• If you wanted to scale-up the production of more biofilm material, could you do it? Is there / was there a plan?

The main idea of the project was to find an alternative to the massively used toxic paints in industrial production. The perspective of scaling-up the process is, therefore, a desirable goal. This could be achieved by optimizing the production rate of the system, as well as the construction of special bioreactors that can maintain high amounts of bacterial biofilm. However, all this is still at an early stage and the meticulous study of the genetically modified system is paramount.

  • How did you / do you intend to treat the produced biofilm for multiple uses, such as those mentioned on your iGEM 2020 website?

In essence, the biofilm has a definite form and can produce “molds” of itself from cellulose. Therefore, for the study of the possible applications of the structurally colored biomaterial, its different mechanical properties should be examined, such as e.g. its elasticity, ductility and heat resistance. Based on this information we will be able to specify its possible applications that can range from technological products such as cars and mobile phones to clothing and food packaging.

  • The color of the biofilm depends – if I understood correctly – on the angle at which the light strikes it but also on its intensity. How can the technique be standardized so that you know what kind of color will be emitted each time?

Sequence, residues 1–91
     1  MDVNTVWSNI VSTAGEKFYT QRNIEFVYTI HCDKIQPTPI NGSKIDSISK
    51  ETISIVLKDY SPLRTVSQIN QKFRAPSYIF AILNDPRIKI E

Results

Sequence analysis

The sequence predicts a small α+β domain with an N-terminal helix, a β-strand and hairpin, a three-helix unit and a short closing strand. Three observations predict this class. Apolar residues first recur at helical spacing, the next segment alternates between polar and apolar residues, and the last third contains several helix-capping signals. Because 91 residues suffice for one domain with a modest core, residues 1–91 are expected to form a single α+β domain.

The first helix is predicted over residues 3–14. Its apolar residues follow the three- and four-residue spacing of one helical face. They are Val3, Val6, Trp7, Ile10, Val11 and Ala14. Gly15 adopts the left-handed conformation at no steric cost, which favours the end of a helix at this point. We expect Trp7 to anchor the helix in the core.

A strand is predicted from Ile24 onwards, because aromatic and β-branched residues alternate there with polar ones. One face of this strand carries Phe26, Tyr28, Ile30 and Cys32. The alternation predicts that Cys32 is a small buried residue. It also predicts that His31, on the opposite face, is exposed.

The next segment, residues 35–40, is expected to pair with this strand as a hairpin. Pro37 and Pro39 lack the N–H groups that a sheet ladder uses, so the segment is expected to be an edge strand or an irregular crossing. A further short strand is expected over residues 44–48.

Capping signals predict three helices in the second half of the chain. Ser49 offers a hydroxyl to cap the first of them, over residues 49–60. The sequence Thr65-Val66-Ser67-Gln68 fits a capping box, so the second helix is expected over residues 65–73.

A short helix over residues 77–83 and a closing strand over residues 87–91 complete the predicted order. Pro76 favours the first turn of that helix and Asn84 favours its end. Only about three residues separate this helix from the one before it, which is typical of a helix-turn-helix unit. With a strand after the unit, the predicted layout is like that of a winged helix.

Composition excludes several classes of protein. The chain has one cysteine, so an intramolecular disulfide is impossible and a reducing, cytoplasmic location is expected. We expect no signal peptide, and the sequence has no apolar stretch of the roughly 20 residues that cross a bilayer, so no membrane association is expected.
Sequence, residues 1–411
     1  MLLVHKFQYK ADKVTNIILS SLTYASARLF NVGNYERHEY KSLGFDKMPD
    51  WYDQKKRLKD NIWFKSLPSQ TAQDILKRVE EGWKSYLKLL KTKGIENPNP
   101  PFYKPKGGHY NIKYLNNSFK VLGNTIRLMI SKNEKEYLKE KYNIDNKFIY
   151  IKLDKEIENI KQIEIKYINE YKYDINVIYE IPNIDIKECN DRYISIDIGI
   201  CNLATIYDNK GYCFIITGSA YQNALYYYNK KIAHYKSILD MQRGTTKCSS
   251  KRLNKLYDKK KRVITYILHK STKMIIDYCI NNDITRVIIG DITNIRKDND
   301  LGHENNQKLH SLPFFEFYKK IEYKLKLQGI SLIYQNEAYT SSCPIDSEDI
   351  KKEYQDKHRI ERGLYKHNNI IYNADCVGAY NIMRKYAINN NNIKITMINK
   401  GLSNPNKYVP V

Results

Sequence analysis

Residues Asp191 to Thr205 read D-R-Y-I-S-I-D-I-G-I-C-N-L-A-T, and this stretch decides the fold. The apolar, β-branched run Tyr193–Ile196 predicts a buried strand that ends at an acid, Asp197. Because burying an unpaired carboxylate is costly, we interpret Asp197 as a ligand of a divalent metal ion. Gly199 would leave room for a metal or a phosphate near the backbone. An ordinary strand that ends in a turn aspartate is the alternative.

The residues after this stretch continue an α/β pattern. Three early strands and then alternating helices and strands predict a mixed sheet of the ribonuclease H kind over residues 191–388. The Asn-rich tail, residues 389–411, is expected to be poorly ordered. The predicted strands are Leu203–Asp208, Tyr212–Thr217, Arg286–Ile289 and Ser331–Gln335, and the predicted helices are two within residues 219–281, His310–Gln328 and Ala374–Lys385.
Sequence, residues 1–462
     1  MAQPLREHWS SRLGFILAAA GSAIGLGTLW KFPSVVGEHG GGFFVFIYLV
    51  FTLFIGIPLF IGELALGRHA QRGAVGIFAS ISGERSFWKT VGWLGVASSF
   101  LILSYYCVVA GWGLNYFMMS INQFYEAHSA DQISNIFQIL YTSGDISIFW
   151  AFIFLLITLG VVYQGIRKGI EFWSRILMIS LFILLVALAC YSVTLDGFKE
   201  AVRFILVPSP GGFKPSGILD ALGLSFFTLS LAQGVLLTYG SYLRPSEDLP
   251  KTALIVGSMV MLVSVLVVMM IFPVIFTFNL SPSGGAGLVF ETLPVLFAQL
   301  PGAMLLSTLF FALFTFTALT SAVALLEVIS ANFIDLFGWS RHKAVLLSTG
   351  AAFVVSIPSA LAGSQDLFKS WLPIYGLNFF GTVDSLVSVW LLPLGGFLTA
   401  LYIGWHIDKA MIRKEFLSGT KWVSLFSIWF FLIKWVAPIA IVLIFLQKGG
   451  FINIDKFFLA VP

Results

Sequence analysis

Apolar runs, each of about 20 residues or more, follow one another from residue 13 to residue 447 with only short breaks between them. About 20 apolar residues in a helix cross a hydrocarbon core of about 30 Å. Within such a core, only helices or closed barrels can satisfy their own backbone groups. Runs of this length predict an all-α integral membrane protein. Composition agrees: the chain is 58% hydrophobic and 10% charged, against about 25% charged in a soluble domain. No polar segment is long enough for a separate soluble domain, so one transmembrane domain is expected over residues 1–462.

The properties and characteristics of incident light do not affect the end result as much as the bacterial nanowires themselves. More specifically, it has been observed with the help of an electron microscope (TEM) that the bacteria are arranged in periodic, hexagonal arrangements which in space create a grid that can interact with light. This interaction consists of selective reflection of a certain part of the light with the result that we see only one color such as e.g green. Therefore, in order to change the color we observe, we only have to influence the bacteria so that the distance between them changes, thus reflecting a different part of the light spectrum.

  • Would a spin-off later be a possible scenario? Is there interest from external funding investors?

We find it particularly important to find a solution to the mass use of toxic dyes. The idea of business development of our project so that an alternative product is produced on a large scale, is a possible solution. Knowing that industries in recent years are trying to add environmental responsibility to their agenda, we are sure that they will show interest in such projects. Although we have not further analyzed this possibility, it is something we have not ruled out.

  • Finally, are you satisfied with the silver and what are your aspirations for the aftermath?

In a particularly tough period, our team decided to continue its work even in these unexpected conditions. Just the fact that we achieved a large part of our goals despite the many difficulties/hurdles, we definitely feel happy. The results of the competition, the silver medal as well as the award for the best promotional video in the undergraduate category, sufficiently express our efforts. With a new start being the end of the iGEM 2020 competition, we aim, equipped with a lot of experience and more enthusiasm, to continue our research activities and to participate in the iGEM 2021 competition.